As we’ve discussed, prior to Klamath Reclamation Project in the early 20th century, much of the Klamath Falls area was surrounded by marshes and wetlands. These marshes and wetlands contributed to a wide variety of fish, birds, along with various other wildlife and maintenance of water quality.

After many of the marshes and wetlands were drained for agriculture, the value of them was fully felt.

Upper Klamath Lake is a highly eutrophic body of water, or high production of bacteria. On account of this, the lake is now considered to be a hypereutrophic body of water. On close inspection, you will notice that there is blue-green algae that blooms along the lake.

The US Fish and Wildlife Service helps to protect and maintain the large population of suckers that call Upper Klamath Lake home. In 1988, the Lost River sucker and shortnose sucker were placed on the endangered species list. These two formerly abundant fish populations decline brought increased interest in the water quality issue of the lake. In accordance with this issue, the government ended up dropping a dredging project that would have caused further damage to the lake.

In 2001, national attention was brought to Upper Klamath Lake on account of drought that heightened environmental concerns. The Bureau of Reclamation stopped withdrawing water from the lake for the Klamath Reclamation Project to help protect the fish population. Since 2003, the Fish and Wildlife Service has been regularly monitoring the lake for water shortfalls which have endangered fish in the lake and salmon in the Klamath River.

Today, the future interests of Upper Klamath Lake rank in national interest on account of competing claims between farmer’s rights and environmental rights.

Upper Klamath Lake Modern Day Tourism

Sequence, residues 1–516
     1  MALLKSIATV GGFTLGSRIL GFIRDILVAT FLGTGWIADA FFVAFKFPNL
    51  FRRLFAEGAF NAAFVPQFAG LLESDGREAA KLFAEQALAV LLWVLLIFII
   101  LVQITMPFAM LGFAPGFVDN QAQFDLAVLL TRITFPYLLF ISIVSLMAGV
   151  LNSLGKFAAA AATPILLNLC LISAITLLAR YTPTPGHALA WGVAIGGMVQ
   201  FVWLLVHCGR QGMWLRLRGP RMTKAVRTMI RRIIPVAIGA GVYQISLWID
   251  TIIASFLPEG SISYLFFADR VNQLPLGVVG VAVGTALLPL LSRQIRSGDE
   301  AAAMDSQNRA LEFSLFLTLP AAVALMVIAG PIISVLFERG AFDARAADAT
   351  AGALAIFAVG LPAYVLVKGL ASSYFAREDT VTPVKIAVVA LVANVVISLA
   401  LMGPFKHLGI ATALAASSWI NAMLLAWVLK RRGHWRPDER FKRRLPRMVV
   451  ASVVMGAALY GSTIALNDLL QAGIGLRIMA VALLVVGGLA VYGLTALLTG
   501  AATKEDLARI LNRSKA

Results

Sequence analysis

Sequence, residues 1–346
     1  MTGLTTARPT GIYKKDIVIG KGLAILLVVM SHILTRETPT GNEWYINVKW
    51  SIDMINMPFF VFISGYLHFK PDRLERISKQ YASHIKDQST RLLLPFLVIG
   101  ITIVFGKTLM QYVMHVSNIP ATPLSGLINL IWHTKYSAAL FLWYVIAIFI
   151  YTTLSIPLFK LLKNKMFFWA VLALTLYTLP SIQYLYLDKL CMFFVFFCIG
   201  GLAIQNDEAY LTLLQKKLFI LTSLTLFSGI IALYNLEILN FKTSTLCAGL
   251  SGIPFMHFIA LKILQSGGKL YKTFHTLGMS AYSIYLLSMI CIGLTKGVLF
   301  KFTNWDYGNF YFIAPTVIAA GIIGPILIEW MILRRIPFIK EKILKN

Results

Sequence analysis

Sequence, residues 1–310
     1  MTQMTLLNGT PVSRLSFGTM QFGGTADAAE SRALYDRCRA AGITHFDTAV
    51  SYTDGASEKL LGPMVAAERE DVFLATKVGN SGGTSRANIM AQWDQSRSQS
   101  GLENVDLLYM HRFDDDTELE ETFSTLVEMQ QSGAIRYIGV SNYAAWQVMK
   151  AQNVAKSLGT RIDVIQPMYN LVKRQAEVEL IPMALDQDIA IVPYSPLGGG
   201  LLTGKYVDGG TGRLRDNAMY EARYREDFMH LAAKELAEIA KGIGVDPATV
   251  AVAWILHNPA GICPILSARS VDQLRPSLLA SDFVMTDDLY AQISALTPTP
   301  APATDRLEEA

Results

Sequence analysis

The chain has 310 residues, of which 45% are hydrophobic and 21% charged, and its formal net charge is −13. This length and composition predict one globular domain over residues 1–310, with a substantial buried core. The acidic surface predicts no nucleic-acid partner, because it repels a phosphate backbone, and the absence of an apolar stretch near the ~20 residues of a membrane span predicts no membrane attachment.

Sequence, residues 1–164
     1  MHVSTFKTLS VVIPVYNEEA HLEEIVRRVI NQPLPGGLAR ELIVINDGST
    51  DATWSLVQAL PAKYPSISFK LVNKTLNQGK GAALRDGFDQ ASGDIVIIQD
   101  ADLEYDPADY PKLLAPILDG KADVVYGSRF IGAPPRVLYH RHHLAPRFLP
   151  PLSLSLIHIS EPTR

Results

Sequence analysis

Today Upper Klamath Lake is a bit different from the lake that the Klamath and Modoc people lived around. The area now is a location for many activities and well known in the area.

Many people enjoy the fishing, boating, bird watching, and camping options around Upper Klamath Lake. Klamath Lake also features miles of canals that are great for kayaking and canoeing. Other activities you will find at Upper Klamath Lake include kitesurfing, windsurfing, and sailing.

Fishing along Upper Klamath Lake can offer anglers catches of redband trout, yellow perch, and rainbow trout. Many catches in the area have seen weights in upwards of 10 pounds! Pelican Bay is considered to be one of the foremost fishing locations in the area for this.

The recreation area around Upper Klamath Lake known as Moore Park offers a variety of picnic tables, benches, and hiking trails. The area is very well known for their hiking and biking trails. Several areas have been developed solely for bikers, hikers, and runners. In fact, an old access road has even been shut down to allow for more trails for enthusiasts. It also offers a day camp location, several covered pavilions for private events, as well as being the best location in Klamath Falls for outdoor activities.

The Moore Park area at Upper Klamath Lake is also used for nearby community events like soccer, disk golf, and local events.

The Klamath Basin Birding Trail offers a magnificent hiking option around Upper Klamath Lake. The hike passes through 47 spots that will offer you views of around 350 species of birds. If you stop by Putnam Point Park, you may even catch the excitement of the Grebes dancing.

Other types of wildlife viewing at Upper Klamath Lake will offer you spectacular glimpses of local muskrats, mink, deer, river otters, and beavers in their natural habitat.

Upper Klamath Lake Beauty

While Upper Klamath Lake is steeped in a rich variety of history and remains to be a hot topic, it also offers an escape into nature.

Whether you want to drive around the entirety of lake and see it from all angles, or take advantage of one of the many amenities offered around the lake, this is one spot you certainly need to make a top priority. If you’re lucky, you may even discover a local event or a rare animal sighting.

This serene location can offer you hours of enjoyment, whether you choose to go out on the water or sit at one of the many picnic options. Make sure you try out one of the many hiking trails as well for a complete view of the Upper Klamath Lake.